Yesterday, Mitt Romney was asked if he thought Newt Gingrich should return the $1.6 million he earned for advising Freddie Mac. “Boy, I sure do,” Romney said. “He [Gingrich] was on a debate saying politicians who took money from Freddie and Fannie should go to jail, which is outrageous in itself.” To which Gingrich shot back, “I would say if Governor Romney would like to give back all the money he’s earned from bankrupting companies and laying off employees over the years at Bain, I would be glad to listen to him — and I bet you $10, not $10,000, he won’t take the offer.”
This is a ludicrous caricature of Romney’s work at Bain Capital, where he earned a reputation for excellence, investing in startups (like Staples), turning companies around in some cases and cutting payrolls and shutting down companies that couldn’t be revived in other cases.
Beyond that, though, I wonder if it bothers Gingrich that he’s basically echoing the same criticisms of Romney made by the late Edward Kennedy in their 1994 Senate race in Massachusetts. If it doesn’t, it should. Because the argument Gingrich is making is, at its core, anti-capitalist, the kind of thing you would expect to hear from an Occupy Wall Street protester, not a Republican presidential candidate.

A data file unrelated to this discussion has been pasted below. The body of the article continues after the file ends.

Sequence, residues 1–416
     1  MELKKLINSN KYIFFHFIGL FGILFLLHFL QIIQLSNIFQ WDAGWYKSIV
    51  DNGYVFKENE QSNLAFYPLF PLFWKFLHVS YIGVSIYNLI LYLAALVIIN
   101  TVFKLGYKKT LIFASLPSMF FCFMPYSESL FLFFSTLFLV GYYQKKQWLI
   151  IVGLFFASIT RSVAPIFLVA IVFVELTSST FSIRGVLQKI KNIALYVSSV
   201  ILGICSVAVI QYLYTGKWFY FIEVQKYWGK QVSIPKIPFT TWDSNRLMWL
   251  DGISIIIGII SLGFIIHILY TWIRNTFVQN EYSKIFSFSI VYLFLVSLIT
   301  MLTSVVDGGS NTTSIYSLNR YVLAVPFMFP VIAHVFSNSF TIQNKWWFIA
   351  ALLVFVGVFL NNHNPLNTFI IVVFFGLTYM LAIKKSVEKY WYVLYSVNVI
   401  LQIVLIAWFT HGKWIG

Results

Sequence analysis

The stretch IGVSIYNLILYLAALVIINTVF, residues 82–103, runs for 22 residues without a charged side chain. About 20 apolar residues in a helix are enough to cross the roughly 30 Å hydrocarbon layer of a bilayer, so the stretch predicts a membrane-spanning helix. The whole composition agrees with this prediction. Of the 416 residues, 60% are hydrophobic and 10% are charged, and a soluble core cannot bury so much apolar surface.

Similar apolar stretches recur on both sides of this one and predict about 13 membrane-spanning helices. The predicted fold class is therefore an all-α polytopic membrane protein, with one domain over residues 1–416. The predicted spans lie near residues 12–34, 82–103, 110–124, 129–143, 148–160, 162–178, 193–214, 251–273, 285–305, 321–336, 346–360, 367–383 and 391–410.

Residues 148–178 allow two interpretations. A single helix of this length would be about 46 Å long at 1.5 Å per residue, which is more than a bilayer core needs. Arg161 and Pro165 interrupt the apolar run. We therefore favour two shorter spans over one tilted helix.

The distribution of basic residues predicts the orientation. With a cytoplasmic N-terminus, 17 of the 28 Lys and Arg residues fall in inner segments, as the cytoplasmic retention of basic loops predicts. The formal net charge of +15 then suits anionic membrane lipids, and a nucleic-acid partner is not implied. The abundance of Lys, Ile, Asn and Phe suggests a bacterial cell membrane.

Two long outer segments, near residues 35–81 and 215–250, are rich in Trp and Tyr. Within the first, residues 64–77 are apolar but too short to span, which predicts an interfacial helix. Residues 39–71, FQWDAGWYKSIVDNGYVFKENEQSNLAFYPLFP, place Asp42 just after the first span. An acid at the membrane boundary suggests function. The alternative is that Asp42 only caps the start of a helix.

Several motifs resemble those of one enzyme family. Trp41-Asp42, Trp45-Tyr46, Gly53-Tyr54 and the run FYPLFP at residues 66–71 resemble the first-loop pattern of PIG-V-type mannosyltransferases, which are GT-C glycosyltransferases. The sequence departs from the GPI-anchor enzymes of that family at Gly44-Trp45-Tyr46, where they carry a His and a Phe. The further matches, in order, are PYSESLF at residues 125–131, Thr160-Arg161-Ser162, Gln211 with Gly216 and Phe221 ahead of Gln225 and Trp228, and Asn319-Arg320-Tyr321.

Perhaps this isn’t surprising. After all, Gingrich started his campaign by referring to House Budget Committee Chairman Paul Ryan’s plan to reform Medicare as “right-wing social engineering” — a phrase Republican House members who voted for the Ryan plan are likely to hear used against them.
What is important about this latest exchange, I think, is that it is entirely typical of Gingrich. It is yet more evidence he is not a man who is intellectually grounded in conservatism (no person who has professed admiration for the ideas of Alvin Toffler could be). It explains why his statements over the years have
been all over the lot. Like Bill Clinton, Gingrich is a man of alarming personal indiscipline. But unlike Clinton, Gingrich is also a man of intellectual indiscipline.
And then there’s this nice Newtonian touch: Gingrich, after his blistering attack on Romney, said “Tomorrow morning, I will release a letter to staff and consultants indicating my determination to run a positive campaign.” He added he would “disown any super-PAC or staff member” who participated in negative attacks on rival GOP candidates.
What Gingrich didn’t say is whether he would disown himself.